Foundation Programmes (FPs) provide entry to undergraduate study and have grown in popularity in the past decade, particularly in Business. As the foremost example of this qualification type, the Business Management FP facilitates an insight into the ways institutions have responded to the opportunity of offering this level 3 qualification. This paper adopted an integrated desk research approach and reports on differing strategic positioning by universities. For a number of post-1992 institutions, the FP has become an important part of the curriculum and a recruitment asset. In contrast, many pre-1992 universities have chosen to restrict the FP to recruitment to shortage subjects or the international market rather than use it as a means of promoting widening participation for local, mature and disadvantaged students. This paper places the discussion of the FP within the theoretical framework of New Institutionalism and evaluates the relevance of isomorphic influences in policy formulation.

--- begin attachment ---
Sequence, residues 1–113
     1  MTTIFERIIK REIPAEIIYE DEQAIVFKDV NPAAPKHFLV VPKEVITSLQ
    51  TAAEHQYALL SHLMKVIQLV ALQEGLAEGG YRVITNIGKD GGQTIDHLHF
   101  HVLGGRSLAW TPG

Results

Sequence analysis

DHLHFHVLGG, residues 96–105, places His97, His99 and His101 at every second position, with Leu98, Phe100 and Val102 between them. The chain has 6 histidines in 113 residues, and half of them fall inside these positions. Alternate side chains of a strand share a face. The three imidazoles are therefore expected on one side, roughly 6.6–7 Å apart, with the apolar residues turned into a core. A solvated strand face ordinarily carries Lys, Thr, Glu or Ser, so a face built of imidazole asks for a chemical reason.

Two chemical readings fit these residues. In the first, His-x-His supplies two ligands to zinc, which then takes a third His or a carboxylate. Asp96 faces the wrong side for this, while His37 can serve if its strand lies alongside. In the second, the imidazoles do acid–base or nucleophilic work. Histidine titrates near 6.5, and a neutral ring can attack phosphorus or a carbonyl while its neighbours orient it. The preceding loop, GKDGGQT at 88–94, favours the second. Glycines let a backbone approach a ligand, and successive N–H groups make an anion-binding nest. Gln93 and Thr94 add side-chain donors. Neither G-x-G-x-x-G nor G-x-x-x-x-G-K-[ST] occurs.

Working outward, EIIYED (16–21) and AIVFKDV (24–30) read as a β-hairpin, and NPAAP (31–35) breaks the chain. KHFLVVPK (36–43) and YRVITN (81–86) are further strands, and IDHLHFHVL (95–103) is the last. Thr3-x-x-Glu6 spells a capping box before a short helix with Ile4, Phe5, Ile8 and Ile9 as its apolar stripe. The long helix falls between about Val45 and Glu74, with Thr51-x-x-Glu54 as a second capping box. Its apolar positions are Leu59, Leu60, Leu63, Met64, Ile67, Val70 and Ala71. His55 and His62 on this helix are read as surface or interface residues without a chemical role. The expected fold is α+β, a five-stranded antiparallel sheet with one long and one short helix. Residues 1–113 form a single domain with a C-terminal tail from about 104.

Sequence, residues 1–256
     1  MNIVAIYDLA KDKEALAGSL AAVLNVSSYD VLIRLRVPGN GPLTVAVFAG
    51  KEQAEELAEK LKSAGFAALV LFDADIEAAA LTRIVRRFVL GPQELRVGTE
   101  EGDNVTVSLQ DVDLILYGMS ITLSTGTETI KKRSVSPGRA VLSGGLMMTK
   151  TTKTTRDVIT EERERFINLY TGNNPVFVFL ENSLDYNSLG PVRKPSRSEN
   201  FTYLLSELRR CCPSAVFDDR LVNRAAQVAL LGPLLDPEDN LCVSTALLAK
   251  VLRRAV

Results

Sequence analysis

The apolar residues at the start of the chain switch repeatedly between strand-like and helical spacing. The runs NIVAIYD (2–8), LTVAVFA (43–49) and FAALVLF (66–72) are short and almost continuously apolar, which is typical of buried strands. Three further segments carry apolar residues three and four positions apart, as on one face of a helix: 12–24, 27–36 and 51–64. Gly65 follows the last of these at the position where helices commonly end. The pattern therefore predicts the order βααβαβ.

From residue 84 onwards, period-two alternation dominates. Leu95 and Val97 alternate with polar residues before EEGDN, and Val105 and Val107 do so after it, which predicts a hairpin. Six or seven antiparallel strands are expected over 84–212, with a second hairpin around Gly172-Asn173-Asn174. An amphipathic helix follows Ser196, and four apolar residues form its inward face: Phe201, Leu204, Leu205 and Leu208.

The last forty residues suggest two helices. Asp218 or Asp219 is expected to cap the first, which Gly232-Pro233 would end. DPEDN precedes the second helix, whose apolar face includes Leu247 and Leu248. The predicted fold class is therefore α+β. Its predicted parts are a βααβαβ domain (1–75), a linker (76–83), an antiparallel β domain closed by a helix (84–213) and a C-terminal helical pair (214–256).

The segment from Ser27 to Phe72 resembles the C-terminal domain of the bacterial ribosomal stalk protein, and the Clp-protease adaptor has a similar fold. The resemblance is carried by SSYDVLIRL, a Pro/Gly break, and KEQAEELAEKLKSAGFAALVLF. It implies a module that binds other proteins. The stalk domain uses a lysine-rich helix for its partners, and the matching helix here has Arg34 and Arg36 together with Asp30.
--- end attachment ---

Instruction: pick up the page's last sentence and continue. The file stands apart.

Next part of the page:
|Journal||Innovative Practice in Higher Education|
|Publication status||Accepted/In press - 28 Feb 2023|